"One thing he does that I didn't see on film was he moves really well in tight spaces," running backs coach Gary Campbell said. "He's got really good feet and really good eyes and a really good feel running with the football. He's better than I thought, and I thought he was going to be pretty good."
Campbell discovered Blount the new-fashioned way -- on the Internet. He was looking for a big back who could play immediately and saw Blount's generous dimensions on a recruiting list. It seemed like a long shot, but Campbell telephoned and Blount said he was interested, so Campbell flew down to Scooba, Miss., for a face-to-face chat, unsure of what he'd find.
"Then he walked into the door," Campbell said through a Cheshire cat grin. "And I said, 'Yeah, that's the guy.'"
Blount wasn't exactly off the radar. He'd signed with Auburn out of Taylor County High School but didn't qualify academically. The recruiting gossip last winter was he was almost certainly headed to Florida State, but the seeds of his cross-country sojourn were initially sown on a faithful October afternoon when he and some buddies watched Oregon nip USC on television.
Said Blount, "Those uniforms are tight."
"Would you go there?" a buddy asked.
"I'd go there."
That made Campbell's work easier. It also helped, by the way, that Blount guessed Stewart would jump into the NFL draft a year early.
Blount took a visit to Florida State, where he noticed the commitment list included a larger number of running backs than he'd been led to believe. That compelled him to call Campbell from Tallahassee and give his pledge, though he worried about ringing his future position coach at midnight.
But the magic of Pacific Daylight Time, one of the new and exotic delights in Blount's life, made that a non-issue.
Of course, the adjustment to the Northwest hasn't always been easy. Folks talk funny up here, for one, and they can't seem to wrap their mind around sweet tea and how food is always better when it's fried. Blount also recoils at the heresy of putting sausage on a croissant instead of supporting its natural habitat: a flakey buttermilk biscuit.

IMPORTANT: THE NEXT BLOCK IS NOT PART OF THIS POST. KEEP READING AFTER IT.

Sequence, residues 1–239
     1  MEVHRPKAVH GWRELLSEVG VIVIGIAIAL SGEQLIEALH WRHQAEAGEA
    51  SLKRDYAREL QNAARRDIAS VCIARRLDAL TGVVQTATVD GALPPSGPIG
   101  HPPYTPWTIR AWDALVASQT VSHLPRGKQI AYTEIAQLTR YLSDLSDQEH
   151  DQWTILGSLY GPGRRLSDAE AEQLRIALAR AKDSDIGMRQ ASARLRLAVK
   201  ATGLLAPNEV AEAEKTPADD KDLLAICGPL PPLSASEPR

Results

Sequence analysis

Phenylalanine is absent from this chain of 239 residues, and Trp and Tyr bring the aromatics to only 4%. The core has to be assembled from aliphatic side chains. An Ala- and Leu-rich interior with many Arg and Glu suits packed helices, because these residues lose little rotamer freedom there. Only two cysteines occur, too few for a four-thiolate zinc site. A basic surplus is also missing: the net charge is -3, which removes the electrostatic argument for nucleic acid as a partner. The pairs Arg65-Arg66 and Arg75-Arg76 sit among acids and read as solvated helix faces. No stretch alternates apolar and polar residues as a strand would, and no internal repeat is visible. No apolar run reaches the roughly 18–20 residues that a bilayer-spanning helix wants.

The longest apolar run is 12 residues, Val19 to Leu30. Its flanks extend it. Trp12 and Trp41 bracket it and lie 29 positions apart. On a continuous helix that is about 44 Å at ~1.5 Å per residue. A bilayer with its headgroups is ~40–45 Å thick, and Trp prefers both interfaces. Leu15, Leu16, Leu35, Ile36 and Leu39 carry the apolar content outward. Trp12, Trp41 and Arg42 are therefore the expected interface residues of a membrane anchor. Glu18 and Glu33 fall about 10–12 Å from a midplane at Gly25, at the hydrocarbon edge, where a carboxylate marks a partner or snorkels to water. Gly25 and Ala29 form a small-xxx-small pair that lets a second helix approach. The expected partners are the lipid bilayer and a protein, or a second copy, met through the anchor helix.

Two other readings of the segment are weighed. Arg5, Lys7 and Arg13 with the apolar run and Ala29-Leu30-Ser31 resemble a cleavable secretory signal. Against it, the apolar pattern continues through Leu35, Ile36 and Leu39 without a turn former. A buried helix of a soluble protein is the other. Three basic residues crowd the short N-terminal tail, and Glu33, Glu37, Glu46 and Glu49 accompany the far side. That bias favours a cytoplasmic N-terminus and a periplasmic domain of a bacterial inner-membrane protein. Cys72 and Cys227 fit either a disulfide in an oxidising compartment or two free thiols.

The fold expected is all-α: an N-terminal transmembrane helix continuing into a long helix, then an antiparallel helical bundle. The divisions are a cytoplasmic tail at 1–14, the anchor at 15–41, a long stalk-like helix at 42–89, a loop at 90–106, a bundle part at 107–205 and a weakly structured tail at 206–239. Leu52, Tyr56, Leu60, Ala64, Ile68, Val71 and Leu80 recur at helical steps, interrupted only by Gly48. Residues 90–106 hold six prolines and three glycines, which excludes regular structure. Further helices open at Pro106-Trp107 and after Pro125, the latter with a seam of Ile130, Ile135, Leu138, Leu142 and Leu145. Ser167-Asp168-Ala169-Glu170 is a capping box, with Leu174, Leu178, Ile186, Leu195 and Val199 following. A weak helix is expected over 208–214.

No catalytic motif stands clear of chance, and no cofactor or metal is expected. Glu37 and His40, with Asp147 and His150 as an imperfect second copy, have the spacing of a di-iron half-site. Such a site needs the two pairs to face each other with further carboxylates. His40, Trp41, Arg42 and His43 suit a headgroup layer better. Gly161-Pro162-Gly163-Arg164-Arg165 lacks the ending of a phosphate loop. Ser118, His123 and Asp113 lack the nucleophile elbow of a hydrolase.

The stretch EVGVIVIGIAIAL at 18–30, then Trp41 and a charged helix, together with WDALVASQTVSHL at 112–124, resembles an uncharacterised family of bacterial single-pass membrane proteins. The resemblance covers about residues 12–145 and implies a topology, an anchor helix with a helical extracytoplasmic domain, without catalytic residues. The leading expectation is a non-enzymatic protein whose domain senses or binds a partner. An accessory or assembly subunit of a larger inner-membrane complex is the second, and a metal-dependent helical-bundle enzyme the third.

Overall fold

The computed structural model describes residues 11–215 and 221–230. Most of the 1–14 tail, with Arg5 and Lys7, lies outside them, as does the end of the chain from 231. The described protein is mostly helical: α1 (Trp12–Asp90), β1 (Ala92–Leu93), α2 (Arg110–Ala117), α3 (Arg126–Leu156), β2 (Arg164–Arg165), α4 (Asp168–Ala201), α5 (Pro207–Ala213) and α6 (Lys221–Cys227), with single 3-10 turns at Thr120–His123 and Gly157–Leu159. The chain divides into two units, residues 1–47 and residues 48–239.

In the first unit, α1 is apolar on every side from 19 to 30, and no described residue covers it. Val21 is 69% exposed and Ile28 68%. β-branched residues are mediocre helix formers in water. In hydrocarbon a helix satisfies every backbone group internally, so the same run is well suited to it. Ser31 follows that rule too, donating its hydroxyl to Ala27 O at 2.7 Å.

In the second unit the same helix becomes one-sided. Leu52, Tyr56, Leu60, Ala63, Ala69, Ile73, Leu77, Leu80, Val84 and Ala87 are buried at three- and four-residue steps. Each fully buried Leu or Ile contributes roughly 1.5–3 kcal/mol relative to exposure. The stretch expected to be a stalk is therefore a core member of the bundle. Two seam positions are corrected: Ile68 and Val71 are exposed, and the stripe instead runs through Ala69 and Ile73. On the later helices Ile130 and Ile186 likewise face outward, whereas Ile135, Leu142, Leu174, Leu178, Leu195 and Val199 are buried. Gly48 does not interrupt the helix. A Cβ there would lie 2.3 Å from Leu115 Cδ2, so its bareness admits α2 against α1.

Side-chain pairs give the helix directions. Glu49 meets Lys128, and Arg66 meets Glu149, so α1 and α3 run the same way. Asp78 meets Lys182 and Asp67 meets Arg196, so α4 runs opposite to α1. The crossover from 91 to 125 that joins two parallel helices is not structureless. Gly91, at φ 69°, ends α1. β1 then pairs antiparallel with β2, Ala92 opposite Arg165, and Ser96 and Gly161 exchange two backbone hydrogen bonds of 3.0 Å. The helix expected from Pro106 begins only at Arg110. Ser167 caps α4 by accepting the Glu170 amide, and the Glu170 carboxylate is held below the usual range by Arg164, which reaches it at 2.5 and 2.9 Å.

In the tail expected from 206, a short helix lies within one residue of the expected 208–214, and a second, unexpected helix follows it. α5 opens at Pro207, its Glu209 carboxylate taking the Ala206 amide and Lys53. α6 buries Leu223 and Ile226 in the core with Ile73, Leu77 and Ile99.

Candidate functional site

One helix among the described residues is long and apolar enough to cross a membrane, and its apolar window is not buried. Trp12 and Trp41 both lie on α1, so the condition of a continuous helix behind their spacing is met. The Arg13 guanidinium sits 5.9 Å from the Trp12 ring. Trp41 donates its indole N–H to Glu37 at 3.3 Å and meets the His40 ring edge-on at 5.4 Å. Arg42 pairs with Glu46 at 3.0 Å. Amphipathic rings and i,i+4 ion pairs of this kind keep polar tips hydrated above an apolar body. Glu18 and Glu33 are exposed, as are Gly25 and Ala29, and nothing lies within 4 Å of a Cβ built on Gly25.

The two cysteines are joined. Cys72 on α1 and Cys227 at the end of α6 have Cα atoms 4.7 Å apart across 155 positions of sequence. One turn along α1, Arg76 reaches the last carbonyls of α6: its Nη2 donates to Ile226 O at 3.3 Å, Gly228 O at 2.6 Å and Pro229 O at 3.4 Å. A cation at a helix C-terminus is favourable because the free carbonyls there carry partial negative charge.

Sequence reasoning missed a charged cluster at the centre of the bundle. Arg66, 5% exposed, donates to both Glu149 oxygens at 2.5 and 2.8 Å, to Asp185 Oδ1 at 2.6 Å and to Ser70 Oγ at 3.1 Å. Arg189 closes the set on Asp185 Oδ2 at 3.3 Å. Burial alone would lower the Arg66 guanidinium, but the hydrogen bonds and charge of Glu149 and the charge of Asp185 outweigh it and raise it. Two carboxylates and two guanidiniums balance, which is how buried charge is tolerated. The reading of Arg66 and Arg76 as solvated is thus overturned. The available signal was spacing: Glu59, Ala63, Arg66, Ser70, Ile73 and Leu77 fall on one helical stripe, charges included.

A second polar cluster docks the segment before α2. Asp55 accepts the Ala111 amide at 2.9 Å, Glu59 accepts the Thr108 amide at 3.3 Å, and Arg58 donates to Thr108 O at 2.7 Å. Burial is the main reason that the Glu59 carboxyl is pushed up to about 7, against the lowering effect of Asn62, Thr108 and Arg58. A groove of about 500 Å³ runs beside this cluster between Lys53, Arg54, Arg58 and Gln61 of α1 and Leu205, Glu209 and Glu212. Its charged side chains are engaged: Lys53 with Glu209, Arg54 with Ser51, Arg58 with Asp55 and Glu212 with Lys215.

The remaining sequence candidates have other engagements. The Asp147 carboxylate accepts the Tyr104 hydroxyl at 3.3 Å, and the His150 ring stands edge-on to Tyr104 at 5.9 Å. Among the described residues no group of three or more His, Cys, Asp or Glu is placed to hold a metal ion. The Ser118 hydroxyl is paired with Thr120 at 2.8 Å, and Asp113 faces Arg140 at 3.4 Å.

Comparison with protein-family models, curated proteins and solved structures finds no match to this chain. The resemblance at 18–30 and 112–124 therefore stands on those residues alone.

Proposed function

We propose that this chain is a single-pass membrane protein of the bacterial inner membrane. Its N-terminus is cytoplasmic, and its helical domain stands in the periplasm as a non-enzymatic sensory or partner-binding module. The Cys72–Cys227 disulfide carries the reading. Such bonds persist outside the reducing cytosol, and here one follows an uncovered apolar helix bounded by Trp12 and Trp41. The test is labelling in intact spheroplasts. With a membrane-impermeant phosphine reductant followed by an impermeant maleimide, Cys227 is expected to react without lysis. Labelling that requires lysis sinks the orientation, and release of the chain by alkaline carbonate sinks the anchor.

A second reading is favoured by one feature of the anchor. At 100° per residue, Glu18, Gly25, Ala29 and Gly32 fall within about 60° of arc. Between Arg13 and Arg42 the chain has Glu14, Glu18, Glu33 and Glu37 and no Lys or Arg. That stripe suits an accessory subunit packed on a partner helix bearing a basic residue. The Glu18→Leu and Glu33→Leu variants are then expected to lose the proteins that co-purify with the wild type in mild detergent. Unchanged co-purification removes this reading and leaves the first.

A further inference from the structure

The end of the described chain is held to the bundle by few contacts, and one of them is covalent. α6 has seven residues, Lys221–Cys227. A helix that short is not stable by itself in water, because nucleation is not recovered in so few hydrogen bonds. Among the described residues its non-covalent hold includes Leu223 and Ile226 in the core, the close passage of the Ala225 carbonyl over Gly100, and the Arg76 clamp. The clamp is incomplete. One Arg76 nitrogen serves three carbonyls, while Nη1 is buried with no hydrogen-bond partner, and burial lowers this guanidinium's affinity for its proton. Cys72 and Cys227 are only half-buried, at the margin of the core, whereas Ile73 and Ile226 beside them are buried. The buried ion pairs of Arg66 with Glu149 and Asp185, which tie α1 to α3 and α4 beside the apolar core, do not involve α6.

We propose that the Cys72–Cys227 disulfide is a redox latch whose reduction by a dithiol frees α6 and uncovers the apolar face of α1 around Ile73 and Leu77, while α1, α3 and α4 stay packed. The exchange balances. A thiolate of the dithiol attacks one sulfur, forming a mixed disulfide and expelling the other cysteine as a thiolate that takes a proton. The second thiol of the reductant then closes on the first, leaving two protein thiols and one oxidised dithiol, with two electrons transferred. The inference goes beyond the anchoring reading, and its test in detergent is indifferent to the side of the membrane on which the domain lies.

"That's not right," he said.
On the plus side, he enjoys experiencing different cultures. Like hippies.
"I've met a couple of them," he said. "They are some funny people. They talk completely different than I do -- 'Like, totally, dude yeah, dude.' But they're cool."
Blount's roommates are helping him acclimate, a crew that includes former quarterback Dennis Dixon and fellow tailback Jeremiah Johnson.
Remember Johnson? He figures to be the lightning to Blount's thunder.
More than a few people believed Johnson was as good or perhaps better and certainly more versatile than Stewart last year, but his season was a derailed by a knee injury he suffered in game No. 6 against Washington State. He sat out spring drills while completing rehab, but he's expected back at full speed by the fall.
Blount said he's perfectly comfortable being the power-running counterpunch to the speedy Johnson.
"I don't think he's worried about anything," Blount said. "He knows he's the premier back here."
Spoken like a true southern gentleman.
Ted Miller is a college football writer for ESPN.com. Send your questions and comments to Ted at firstname.lastname@example.org.